Christie: ‘No Chance’ Atlantic City Will Get Extension to Fix City’s Finances

ATLANTIC CITY, NJ - AUGUST 29: An elderly woman plays slot machines in a casino on the Atlantic City Boardwalk on August 29 in Atlantic City, New Jersey. After new casinos opened in neighboring states, four of the city's top casinos closed in 2014, laying-off some 8,000 workers. The closures brought Atlantic City's unemployment rate to more than 11 percent, double the national average. The mass unemployment has produced the highest foreclosure rate of any metropolitan U.S. area, with 1 out of 113 homes now in foreclosure in Atlantic County. (Photo by John Moore/Getty Images)
Christie said that Atlantic City may go bankrupt.

FAIR LAWN – Governor Chris Christie told attendees at a Bergen County education forum that he would let Atlantic City go bankrupt before he would consider negotiating a new loan deal with the beleaguered seaside gambling town. The statement comes after a long and difficult battle between the city and state as lawmakers scramble to find a solution that will keep the city from defaulting.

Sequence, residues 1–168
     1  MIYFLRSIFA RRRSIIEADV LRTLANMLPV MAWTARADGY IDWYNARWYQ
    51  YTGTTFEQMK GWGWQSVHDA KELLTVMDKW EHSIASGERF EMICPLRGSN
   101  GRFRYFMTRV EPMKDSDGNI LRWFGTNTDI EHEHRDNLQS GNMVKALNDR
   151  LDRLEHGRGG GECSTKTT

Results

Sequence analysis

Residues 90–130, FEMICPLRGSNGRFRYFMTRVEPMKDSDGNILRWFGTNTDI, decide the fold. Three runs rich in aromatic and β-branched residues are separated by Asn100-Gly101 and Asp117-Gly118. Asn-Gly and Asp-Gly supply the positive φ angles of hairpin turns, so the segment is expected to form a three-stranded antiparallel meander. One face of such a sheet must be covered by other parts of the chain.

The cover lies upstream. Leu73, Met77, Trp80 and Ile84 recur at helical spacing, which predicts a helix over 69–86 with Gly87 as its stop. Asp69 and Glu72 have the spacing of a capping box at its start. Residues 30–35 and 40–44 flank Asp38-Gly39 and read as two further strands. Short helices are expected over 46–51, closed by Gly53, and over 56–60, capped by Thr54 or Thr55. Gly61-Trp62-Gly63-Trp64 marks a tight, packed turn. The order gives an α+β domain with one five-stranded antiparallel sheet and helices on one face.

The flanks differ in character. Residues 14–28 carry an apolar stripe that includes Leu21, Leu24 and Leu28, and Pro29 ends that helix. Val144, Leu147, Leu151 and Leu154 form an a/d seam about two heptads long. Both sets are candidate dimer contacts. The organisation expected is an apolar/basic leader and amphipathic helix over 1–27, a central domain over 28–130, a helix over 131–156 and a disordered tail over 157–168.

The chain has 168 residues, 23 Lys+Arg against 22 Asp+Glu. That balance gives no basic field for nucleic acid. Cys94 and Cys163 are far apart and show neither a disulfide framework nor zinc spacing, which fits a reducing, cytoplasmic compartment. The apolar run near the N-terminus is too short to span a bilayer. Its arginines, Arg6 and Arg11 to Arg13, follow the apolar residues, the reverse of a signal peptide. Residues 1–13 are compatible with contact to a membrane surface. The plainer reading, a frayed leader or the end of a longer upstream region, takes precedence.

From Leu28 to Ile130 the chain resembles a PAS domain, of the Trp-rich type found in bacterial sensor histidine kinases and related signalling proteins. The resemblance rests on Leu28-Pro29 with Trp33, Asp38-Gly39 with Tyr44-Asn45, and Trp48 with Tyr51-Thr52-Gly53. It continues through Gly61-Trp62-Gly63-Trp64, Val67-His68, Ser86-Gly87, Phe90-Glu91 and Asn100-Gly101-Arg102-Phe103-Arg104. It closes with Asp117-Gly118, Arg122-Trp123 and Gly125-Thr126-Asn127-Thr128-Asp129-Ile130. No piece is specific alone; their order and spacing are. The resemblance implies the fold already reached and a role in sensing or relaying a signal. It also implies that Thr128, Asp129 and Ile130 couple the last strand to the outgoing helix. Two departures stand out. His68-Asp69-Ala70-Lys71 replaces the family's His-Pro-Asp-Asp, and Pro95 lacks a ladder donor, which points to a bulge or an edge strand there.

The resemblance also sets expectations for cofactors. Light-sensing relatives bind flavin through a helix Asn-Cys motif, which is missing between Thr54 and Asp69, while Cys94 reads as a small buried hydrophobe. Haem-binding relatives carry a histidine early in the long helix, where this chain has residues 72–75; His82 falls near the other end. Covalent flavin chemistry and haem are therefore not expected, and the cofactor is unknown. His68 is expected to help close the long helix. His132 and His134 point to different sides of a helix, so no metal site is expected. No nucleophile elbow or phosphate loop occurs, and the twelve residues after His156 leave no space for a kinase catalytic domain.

In May, a $74 million loan was agreed to between the state and Atlantic City in order to allow the city to pay for payroll and other necessary services. According to Christie, however, the city is now attempting to renegotiate the terms of that loan. Christie said any change in the terms will not happen.

“If that means they go bankrupt they go bankrupt. That’s their choice. But I’m tired of this,” Christie said.

Additionally, Christie said there was “no chance” he would consider an extension on the 150-day period the state granted the city to develop a five-year plan to fix finances. That period is scheduled to end in November. If no plan is developed by that point, the state will take over the city’s government.

Note: This article was corrected. It originally misstated the terms of the $74 million loan and wrongly referred to it as a an “additional” loan to what was received in May.

Christie: ‘No Chance’ Atlantic City Will Get Extension to Fix City’s Finances